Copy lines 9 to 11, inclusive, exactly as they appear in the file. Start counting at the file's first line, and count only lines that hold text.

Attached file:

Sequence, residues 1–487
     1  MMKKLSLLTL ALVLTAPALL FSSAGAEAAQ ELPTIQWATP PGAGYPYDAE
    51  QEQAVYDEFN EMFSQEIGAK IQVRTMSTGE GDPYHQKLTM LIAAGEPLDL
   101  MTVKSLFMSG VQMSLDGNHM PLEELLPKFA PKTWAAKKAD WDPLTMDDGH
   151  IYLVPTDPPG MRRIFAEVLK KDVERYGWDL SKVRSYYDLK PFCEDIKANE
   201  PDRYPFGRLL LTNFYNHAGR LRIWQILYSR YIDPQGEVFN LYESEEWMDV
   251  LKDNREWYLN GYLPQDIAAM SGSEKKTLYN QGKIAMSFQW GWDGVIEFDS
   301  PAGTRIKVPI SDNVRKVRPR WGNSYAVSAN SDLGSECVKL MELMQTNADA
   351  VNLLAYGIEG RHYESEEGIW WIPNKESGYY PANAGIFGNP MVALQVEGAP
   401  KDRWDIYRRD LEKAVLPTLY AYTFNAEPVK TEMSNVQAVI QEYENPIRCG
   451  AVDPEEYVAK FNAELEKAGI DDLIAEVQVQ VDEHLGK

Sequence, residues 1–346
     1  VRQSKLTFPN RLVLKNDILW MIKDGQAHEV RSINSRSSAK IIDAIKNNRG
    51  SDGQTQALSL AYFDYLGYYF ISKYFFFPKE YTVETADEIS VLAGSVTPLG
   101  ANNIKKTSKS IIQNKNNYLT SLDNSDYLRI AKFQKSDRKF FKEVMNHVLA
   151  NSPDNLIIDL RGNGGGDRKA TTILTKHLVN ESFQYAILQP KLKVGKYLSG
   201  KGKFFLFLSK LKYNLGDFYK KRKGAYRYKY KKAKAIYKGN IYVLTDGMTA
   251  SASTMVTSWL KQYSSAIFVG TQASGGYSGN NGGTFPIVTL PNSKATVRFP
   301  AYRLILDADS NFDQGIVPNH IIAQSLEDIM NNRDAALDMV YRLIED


   351  VNLLAYGIEG RHYESEEGIW WIPNKESGYY PANAGIFGNP MVALQVEGAP
   401  KDRWDIYRRD LEKAVLPTLY AYTFNAEPVK TEMSNVQAVI QEYENPIRCG
   451  AVDPEEYVAK FNAELEKAGI DDLIAEVQVQ VDEHLGK